Sarah Al-Ahmed: This is so exciting because I know that outreach to children and fostering their love of space has been something that our founders wanted for our organizations since the very beginning. It's wonderful to finally be able to launch the Planetary Academy. And for those who haven't been following this effort, the Planetary Academy is our membership program for kids aged nine years or younger. For a lot of people, including me, our love of space science and exploration started when we were just children. So this is an opportunity to get the kids in your life a membership to the Planetary Academy and begin their journey toward understanding more about our place in space. Children who are going to be enrolled in this program are going to receive quarterly adventure packs, and these are going to teach them all about our solar system, our planet, and its relationship with the moon, and then ultimately about the inner and outer solar system, so they have a good picture of what's going on in our place in space and beyond. These adventure packs, at least for the first one, will include a welcome letter from our CEO Bill Nye, so that would be really exciting for kids, I hope. Also, an official membership card for them, and then all kinds of fun little activities, so stickers, activity books, trading cards, games and things like that to really get them involved in the adventure through space.

Mat Kaplan: I have been waiting for something like this for young people. Get them while they're young. Like Bill says, you got to get them interested in science by the time they're 10. And that's what this is all about. It realizes a dream of the society and of Bill's that we have had for a long time. I am so impressed. I have seen the materials. I can't wait to sign up my grandson. And now is the time to do it, I guess, because it's a little bit cheaper right now, right?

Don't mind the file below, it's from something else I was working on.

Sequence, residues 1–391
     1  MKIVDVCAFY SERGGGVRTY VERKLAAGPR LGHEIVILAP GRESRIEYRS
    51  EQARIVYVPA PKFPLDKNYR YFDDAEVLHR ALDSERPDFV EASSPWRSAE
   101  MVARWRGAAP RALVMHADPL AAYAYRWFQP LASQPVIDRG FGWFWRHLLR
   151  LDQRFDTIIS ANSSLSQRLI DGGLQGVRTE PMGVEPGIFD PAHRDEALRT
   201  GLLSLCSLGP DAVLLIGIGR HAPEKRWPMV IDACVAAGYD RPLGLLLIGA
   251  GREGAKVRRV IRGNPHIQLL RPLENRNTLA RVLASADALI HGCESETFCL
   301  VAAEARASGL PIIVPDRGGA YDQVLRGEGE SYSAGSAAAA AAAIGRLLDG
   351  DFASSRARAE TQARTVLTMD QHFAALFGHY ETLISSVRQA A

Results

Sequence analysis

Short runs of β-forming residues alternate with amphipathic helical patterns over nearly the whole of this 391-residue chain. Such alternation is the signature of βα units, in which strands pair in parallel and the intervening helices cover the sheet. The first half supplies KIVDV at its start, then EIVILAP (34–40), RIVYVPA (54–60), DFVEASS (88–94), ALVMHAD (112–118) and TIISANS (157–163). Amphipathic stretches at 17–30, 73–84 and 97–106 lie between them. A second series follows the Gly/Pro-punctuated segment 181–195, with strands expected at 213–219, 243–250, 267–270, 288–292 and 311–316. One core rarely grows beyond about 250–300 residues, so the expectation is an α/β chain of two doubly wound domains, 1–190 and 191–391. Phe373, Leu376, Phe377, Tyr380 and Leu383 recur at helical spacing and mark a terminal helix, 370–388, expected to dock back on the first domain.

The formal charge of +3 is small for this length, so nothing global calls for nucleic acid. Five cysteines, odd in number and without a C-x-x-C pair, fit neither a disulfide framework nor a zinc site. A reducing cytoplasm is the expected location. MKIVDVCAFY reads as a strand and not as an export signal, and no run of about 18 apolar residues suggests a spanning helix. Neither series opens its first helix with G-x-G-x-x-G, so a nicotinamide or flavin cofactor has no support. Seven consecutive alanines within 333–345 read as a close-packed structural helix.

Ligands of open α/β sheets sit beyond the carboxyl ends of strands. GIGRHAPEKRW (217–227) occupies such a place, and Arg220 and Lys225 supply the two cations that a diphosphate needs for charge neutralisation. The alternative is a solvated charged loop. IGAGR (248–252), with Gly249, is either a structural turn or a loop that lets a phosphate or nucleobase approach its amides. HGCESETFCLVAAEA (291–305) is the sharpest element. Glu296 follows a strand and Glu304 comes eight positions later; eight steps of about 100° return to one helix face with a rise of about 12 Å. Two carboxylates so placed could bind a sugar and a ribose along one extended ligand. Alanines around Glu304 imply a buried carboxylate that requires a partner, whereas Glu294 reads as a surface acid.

Sarah Al-Ahmed: Yeah, we have a special launch introductory price. So anybody who's joining into this program before November 28th will be able to purchase the program at $89 a year. Now, you could still join after that, but if you do, it's going to go up to $99 a year. Still a great price for what we're offering to kids. This program will only be available to children that live in the United States, Canada, and Mexico. We're really hoping that if this program goes well, we can expand it to other countries in the future, but for now it's limited to those countries.

Mat Kaplan: Yeah, we're sorry about that. We would love to expand this across the world. And if it's as successful as I expect it will be, I hope that that will not take too long for us to achieve. Sarah, all they have to do is go to It's right there, it pops right up right now. Thank you very much for the introduction and I look forward to talking again next week.

Sarah Al-Ahmed: Thanks Mat.

Mat Kaplan: You can get to the Planetary Academy page directly at Sarah Al-Ahmed is The Planetary Society's digital community manager. She'll become the host of this show on January 4th, 2023. Our toll-free line is still open to anyone in North America who would like to leave Sarah or me a message. 844-Plan-Rad. And you've got till November 30 to vote for the best space events and more of 2022. Your ballot awaits at I'll be back for a wonderful conversation with Linda Spilker after this message from Q himself, actor, director, writer and producer, John de Lancie.